Insolvency law not protecting creditors ‘burnt’ by phoenix companies
A recent insolvency survey among SMEs by leading commercial debt recovery company Daniels Silverman has found that a massive 96% of businesses believe that insolvent companies should not be allowed to escape debts by transferring assets to a new company, operating under the same directors and in a similar guise, under pre-pack administration known as […]
A recent insolvency survey among SMEs by leading commercial debt recovery company Daniels Silverman has found that a massive 96% of businesses believe that insolvent companies should not be allowed to escape debts by transferring assets to a new company, operating under the same directors and in a similar guise, under pre-pack administration known as phoenix companies.
- 96% disapprove of ‘phoenix’ companies
- 80% have written off debt as a result of company failure
Daniels Silverman’s research generated over 350 responses from SMEs and revealed that 80% have written off debt as a result of company failure. Financial losses varied, with 57% writing off up to £10,000, 20% lost between £10,000 and £25,000 and 23% more than £25,000.
Carole Hughes, managing director, Daniels Silverman, says:
“Our survey results indicate that many SMEs would like a rethink in insolvency law to protect companies from unscrupulous directors that take advantage of pre-pack administration. They have told us they are becoming more and more frustrated by directors avoiding their debts by going through a pre-pack administration to form a new company from the remains of a failed company.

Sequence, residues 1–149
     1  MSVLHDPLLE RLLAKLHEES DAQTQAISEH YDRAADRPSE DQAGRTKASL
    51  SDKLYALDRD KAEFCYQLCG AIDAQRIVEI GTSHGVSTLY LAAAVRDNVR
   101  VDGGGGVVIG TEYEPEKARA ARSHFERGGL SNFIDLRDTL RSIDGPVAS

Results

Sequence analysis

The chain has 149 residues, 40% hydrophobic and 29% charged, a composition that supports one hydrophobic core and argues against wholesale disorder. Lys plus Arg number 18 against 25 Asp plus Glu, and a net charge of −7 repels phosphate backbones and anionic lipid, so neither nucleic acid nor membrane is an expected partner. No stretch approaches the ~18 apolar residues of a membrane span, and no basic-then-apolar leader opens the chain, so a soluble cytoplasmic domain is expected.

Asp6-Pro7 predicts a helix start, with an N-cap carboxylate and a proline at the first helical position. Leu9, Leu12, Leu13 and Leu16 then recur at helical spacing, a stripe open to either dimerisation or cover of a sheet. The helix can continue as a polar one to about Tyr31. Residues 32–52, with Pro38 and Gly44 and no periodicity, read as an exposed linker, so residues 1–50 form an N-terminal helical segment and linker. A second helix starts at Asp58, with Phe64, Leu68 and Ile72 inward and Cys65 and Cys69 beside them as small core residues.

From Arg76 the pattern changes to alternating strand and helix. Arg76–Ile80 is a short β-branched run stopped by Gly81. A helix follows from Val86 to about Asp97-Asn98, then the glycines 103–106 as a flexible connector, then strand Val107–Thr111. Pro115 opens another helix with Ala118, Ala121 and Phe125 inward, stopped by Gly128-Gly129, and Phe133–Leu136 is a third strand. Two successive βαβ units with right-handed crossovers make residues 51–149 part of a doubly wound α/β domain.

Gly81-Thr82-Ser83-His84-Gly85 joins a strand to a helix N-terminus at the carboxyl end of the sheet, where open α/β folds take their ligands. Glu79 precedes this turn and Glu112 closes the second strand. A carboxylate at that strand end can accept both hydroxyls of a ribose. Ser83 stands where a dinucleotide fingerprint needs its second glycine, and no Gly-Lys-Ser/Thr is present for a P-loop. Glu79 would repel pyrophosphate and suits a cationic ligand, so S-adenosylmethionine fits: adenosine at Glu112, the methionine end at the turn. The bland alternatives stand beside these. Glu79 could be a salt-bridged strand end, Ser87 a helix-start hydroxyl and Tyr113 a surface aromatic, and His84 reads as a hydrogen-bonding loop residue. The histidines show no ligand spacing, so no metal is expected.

“It is very hard for a creditor to see an insolvent company trading “as usual” often from the same premises, under the same director and with the same offering, while they are left significantly out of pocket because the money owing to them has been written off.
“While there are legitimate reasons for many pre-pack administrations we would call for a look at the number of unscrupulous directors who are exploiting this process to avoid paying their debts and profit from pre-pack administrations. A change in the law is needed to prevent those directors whose businesses repeatedly fail from resurrecting similar businesses and abusing pre-pack administration law.”
Gary Lee, partner at business rescue, recovery and restructuring specialist, Begbies Traynor, adds:
“We have seen a huge increase in the number of pre-pack administrations; however, the resurrection of a business in a new corporate shell is not always necessarily in the best interests of creditors and the general economy. Insolvency practitioners should explore all options available before concluding that a sale back to the existing directors represents the best outcome and it should be the result of a process of elimination of all other possible options rather than the default option of choice.”